When your long term "strict bedrest" patient who had lost multiple pregnancies before, is now 28 weeks gestation, goes into labor at 3AM and you see the look of visceral fear in her eyes as you try to calmly reassure her while you whisk her off to delivery.

When you have spent 25 years on the night shift, SURE that you are a hardcore insomniac, and decide it may be time for a change. Because your body and mind just can't do it anymore.

When you DO make that change, and walk out of the hospital for the last time with a lump in your throat thinking "oh what have I done?" Because it is all you have ever known. But you take that leap of faith and do something completely different. Because it is time.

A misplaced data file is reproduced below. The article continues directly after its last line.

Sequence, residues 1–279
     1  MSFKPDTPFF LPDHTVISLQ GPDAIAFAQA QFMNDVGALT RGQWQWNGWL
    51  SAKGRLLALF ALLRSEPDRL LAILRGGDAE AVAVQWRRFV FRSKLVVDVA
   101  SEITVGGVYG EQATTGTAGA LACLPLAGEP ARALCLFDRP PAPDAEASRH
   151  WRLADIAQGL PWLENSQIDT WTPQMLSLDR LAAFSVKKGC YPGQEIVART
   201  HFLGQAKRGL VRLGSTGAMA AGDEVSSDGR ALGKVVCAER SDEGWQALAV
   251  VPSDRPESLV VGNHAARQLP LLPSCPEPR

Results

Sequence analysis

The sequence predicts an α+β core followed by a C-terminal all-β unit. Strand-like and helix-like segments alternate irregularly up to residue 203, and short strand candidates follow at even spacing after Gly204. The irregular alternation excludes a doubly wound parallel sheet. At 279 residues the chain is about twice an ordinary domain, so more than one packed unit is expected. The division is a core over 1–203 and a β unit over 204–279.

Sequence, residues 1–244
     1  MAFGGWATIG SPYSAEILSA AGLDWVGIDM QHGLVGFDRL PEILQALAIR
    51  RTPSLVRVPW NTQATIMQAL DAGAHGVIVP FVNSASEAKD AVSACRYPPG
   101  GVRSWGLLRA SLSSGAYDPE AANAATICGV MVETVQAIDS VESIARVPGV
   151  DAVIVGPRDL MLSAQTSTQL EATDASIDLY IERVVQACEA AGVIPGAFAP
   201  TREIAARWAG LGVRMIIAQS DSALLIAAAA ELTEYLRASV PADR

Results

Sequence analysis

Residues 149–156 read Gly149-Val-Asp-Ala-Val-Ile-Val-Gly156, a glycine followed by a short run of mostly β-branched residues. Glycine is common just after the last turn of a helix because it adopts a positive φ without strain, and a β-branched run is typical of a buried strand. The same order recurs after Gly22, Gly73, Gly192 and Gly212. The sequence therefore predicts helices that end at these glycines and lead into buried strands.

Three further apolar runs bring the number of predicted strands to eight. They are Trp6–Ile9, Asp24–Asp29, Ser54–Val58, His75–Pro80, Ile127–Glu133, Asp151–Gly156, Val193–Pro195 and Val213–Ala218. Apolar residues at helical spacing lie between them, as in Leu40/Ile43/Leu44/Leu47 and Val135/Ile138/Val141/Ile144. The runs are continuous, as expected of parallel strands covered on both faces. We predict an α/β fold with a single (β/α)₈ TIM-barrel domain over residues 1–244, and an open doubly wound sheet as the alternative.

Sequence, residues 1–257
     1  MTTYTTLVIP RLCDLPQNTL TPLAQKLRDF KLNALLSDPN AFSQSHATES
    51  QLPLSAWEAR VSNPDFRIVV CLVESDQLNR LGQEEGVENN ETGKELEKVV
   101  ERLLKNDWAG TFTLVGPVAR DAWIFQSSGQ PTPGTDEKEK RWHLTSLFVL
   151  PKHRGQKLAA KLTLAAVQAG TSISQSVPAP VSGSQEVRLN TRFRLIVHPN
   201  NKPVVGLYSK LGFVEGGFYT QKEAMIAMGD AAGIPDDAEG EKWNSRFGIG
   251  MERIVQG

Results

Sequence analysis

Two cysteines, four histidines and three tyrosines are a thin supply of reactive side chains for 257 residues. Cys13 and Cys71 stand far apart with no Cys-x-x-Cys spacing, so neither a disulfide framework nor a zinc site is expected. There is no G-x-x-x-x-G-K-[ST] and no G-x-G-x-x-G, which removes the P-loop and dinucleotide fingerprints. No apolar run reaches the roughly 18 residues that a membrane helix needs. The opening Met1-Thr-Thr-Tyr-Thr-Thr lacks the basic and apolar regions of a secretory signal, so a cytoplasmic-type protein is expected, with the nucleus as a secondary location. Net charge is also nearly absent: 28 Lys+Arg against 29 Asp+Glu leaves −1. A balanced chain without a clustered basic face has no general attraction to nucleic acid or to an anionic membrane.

When you realize one day that you have never felt as appreciated as you do working with children. And there are times you miss the "old" days, but you feel you have found the place where you truly belong. Oh, and you are NOT an insomniac after all!

And though the adrenaline rush of those "old" days has long since passed, you still feel great pride in what you do. And you get paid in hugs, lucky pennies, crayon drawings and dandelions picked from the playground...

That is how I do it.

Registered Nurse with background in various specialty areas including Burn/Trauma ICU, Obstetrics, Med/Surg and most recently, School Nursing.

1 Article; 7,731 Profile Views; 844 Posts

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tnbutterfly - Mary is a BSN, RN and specializes in Peds, Med-Surg, Disaster Nsg, Parish Nsg.

13 Followers; 122 Articles; 5,456 Posts; 197,299 Profile Views